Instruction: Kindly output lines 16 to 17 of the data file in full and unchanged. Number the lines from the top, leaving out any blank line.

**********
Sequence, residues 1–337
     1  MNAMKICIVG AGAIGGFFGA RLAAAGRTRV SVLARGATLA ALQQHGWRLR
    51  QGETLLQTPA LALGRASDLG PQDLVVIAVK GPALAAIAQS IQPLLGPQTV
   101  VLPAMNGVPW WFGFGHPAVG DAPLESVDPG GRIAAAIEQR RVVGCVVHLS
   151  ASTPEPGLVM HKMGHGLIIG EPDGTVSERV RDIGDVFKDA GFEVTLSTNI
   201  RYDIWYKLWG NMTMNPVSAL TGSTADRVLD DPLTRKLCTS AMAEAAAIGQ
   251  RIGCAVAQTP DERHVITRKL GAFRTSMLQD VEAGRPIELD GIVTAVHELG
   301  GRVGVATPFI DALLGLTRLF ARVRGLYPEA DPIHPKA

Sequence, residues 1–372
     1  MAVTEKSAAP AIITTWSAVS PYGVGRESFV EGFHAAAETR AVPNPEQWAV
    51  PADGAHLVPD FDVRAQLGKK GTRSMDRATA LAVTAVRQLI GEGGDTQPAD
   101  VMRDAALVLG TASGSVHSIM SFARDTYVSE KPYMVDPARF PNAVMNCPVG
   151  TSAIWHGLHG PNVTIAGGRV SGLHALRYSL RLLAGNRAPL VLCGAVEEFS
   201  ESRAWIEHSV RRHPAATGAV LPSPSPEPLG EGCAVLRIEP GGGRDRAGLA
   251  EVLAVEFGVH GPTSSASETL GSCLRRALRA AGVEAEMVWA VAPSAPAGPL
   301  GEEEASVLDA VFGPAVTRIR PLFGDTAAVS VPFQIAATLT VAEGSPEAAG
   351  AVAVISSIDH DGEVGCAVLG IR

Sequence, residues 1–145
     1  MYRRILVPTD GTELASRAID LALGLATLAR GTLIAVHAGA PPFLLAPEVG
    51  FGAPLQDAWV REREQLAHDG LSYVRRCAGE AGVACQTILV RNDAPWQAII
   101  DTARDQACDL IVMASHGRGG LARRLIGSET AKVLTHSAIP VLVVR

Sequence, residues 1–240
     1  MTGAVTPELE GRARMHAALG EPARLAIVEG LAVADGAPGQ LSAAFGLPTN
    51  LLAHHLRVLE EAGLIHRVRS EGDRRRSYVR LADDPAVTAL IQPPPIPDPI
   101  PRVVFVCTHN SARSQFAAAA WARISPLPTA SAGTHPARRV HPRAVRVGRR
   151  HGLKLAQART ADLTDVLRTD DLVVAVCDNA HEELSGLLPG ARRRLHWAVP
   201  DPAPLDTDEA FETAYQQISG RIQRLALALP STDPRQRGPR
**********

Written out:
   301  GEEEASVLDA VFGPAVTRIR PLFGDTAAVS VPFQIAATLT VAEGSPEAAG
   351  AVAVISSIDH DGEVGCAVLG IR